What are you working on currently?
My latest experiment is on friendship subscription options. When we take someone in as a friend, we actually have subscription options. It’s a romantic and completely unpractical idea that we have to like everything about everyone. Not knowing that we have subscription options is what causes a whole bunch of expectations and problems.
So when I think of a friend now, I think about my subscription options — mainly what traits of theirs I’d like to unsubscribe from. When I’ve unsubscribed from a list, I don’t seem to take it personally or get as annoyed. So far though, unsubscribing only seems to work if I’ve told the person what I’ve unsubscribed from — which is tricky. This is an ongoing experiment, so I’ll have to let you know how it goes.
Each of your works tells a story of a pretty specific time or event. And, while humorous, these doodles explore some pretty profound subjects. Why do you feel like doodles are the best way to examine these themes?
I use my art as some sort of life-solving machine, drawing from confusing or tricky events.
Painting or drawing is the best way to open and maintain a dialogue with myself at the moment. When, and if, that changes, I won’t hold onto it (of course there will be a period of gloom where I’m all confused: WHO AM I? Why am I not drawing anymore? But, I’ve always given in to the pull of change and benefited from it).
Also, I just can’t draw any other way. I’ve tried to be all pastel and peaceful with paint, but eyes, limbs, and faces always appear.
Do you have a studio routine when you get into the studio?
I like reading first thing while having my breakfast, which always includes a carrot. Then, I meditate for 20 minutes and get the water containers out to start painting.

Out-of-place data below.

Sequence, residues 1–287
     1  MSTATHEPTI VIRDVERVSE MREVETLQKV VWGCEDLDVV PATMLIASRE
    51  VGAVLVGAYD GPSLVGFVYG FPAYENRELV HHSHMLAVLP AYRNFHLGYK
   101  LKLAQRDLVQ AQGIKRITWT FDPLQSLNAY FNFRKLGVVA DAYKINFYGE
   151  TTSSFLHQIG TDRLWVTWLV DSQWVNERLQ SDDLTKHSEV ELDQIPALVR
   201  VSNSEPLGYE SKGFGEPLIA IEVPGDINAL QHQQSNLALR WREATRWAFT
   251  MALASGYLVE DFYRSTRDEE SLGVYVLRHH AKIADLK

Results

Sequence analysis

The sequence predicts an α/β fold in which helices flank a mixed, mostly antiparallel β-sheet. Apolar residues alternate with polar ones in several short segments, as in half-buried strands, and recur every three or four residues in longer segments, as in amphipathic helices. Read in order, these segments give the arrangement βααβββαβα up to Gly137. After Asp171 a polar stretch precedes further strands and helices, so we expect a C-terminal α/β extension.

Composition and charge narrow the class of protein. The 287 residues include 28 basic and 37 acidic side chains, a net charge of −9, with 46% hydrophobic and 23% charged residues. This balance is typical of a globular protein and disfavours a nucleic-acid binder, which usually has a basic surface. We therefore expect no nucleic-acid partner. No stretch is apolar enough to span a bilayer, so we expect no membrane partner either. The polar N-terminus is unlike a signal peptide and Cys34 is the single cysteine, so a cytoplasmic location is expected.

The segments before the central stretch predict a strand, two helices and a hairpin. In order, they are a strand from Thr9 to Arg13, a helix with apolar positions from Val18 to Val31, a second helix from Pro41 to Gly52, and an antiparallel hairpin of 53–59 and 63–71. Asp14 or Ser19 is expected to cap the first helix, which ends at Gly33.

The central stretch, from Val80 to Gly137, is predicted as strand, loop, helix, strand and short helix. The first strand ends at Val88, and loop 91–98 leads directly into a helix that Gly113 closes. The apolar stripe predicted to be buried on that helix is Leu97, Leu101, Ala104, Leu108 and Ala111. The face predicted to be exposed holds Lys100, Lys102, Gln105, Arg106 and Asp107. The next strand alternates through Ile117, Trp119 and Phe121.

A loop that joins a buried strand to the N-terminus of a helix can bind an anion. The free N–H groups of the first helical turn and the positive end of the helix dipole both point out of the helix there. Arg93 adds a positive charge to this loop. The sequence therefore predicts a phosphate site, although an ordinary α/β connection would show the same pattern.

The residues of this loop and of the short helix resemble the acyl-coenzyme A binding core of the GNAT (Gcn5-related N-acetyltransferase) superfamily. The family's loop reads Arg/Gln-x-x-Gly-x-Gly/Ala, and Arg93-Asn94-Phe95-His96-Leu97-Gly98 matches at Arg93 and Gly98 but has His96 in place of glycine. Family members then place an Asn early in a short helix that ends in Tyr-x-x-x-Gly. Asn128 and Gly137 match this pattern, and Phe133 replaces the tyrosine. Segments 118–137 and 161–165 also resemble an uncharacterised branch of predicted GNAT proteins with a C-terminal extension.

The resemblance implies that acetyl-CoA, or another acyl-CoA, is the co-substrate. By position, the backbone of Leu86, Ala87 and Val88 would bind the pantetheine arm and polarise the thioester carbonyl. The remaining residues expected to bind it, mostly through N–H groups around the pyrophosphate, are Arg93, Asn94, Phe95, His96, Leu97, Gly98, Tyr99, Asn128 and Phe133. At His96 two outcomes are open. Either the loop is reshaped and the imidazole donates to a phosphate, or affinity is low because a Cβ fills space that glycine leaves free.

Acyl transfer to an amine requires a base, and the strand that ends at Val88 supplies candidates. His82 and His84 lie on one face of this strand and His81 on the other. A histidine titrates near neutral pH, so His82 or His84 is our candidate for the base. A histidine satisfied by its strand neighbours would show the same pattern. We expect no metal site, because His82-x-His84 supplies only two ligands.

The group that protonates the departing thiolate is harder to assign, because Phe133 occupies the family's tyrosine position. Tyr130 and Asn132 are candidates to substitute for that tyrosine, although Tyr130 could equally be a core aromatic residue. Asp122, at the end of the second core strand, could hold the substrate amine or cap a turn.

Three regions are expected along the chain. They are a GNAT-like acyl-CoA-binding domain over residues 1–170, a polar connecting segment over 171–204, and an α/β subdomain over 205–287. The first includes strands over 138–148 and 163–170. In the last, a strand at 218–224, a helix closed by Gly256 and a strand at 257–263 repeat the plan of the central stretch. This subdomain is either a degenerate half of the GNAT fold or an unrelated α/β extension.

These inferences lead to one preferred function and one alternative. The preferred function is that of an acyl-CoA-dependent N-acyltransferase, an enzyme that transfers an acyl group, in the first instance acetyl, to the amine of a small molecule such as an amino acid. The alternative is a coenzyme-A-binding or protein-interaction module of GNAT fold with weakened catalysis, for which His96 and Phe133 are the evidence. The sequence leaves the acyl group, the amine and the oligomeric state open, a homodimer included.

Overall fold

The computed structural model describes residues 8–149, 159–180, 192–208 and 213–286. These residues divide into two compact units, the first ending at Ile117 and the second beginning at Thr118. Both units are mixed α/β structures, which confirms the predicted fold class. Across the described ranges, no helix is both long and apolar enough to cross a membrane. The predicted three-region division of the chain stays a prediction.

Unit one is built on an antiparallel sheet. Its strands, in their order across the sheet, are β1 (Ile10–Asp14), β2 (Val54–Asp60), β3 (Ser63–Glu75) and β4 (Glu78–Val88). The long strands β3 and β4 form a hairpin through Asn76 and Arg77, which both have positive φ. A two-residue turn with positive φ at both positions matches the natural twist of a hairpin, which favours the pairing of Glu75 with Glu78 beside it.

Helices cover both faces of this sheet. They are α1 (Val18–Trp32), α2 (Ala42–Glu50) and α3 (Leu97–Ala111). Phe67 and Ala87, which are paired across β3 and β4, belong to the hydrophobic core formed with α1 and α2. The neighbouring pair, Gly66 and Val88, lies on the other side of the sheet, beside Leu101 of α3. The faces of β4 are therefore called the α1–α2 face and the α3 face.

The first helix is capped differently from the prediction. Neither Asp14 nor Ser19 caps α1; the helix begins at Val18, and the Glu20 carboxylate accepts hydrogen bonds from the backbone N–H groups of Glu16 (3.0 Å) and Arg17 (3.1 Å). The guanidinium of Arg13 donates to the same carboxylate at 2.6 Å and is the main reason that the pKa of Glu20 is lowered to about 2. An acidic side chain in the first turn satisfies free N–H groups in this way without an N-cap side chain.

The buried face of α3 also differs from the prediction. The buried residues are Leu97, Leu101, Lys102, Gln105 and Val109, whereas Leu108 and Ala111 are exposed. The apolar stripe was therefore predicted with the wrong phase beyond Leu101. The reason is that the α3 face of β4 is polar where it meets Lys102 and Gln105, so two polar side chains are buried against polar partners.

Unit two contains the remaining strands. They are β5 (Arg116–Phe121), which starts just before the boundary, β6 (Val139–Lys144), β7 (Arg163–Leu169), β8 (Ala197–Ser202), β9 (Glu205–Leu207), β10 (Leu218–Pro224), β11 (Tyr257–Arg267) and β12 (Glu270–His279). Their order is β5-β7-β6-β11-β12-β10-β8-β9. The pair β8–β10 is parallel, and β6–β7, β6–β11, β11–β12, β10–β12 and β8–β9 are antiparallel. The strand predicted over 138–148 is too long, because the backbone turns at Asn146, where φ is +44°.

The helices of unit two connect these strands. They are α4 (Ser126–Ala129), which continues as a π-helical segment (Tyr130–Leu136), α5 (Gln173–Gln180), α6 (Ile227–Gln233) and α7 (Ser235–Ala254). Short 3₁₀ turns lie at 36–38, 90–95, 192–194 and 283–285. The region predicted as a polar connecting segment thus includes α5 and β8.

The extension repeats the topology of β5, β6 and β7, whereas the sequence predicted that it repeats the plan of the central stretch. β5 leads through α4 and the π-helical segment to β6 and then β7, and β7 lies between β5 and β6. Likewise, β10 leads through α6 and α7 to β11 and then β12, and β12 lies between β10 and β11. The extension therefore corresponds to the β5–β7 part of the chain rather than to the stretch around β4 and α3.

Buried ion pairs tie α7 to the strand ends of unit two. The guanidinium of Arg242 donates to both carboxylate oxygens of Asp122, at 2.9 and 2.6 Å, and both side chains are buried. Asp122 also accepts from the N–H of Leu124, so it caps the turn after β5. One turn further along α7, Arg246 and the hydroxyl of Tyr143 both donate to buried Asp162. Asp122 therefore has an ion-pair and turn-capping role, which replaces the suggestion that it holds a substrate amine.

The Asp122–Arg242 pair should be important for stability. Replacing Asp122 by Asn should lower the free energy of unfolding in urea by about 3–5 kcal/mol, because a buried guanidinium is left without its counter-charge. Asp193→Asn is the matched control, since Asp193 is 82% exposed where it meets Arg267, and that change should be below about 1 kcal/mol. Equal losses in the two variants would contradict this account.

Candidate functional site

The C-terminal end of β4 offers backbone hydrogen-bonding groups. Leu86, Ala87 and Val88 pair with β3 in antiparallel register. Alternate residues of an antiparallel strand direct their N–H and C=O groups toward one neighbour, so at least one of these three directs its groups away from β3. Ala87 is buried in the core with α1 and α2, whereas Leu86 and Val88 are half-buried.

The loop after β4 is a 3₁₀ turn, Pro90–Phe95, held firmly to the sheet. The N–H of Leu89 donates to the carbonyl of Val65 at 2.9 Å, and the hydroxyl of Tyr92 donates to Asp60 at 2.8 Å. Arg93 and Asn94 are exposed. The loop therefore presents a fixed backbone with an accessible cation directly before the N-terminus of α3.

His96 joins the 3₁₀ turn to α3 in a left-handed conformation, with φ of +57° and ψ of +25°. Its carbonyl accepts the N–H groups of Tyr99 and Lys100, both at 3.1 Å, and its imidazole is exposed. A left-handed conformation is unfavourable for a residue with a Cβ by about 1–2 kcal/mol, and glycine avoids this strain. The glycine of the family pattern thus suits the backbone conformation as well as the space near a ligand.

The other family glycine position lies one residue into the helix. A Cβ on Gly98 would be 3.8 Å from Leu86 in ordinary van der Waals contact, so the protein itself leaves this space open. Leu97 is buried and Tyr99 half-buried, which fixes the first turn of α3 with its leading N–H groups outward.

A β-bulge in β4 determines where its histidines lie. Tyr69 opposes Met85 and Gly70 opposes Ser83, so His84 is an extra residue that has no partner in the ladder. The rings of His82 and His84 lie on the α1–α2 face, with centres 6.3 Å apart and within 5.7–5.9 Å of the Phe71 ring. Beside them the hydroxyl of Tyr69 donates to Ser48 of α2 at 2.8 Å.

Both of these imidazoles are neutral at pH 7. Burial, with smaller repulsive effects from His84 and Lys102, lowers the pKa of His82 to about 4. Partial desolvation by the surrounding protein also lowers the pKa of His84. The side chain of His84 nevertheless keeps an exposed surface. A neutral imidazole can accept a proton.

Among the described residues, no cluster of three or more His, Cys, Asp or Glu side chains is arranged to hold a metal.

Afternoons are for admin, hustling, and email stuff. Sometimes this routine is the other way around. Other days I don’t make art at all and read all day. It’s sort of a consistently routine-less routine.
Maybe the carrot is the only consistent thing (seriously).
You have a pretty significant social presence. How important do you think social media is for today’s artists?
When I first started using Twitter about 7 years ago, my mum asked me how many followers I had. I told her, “500 maybe” at the time. She said, “Oh ... Ashton Kutcher has millions of followers.” I’m still laughing about that one.
I found myself on the Internet. So, to me, social media is pretty significant. I stalked interesting people online, then lured them into an email correspondence to ask them questions — mostly about things I found tricky. Most of my “victims” are still friends or pen pals.
I think social media is important for artists to get their work out there and find similar minds, which is super important. The more people you talk to who are very different from you, the more you adapt and the more the real you hides. This can go on for such a long time that you forget basic things, like what you actually prefer for breakfast.
Social media is also addictive and there’s that attention-and-validation monster that needs to be watched.
What advice would you give to other artists seeking to build their online reputation?
Put a lot of time and effort into knowing when you’ve changed and let that show in your art.
What is one thing that you struggle most with as a professional artist?
Believing this, consistently: Meaning that is largely made up is not inferior to meaning that is "not made up." As, what is that, anyway?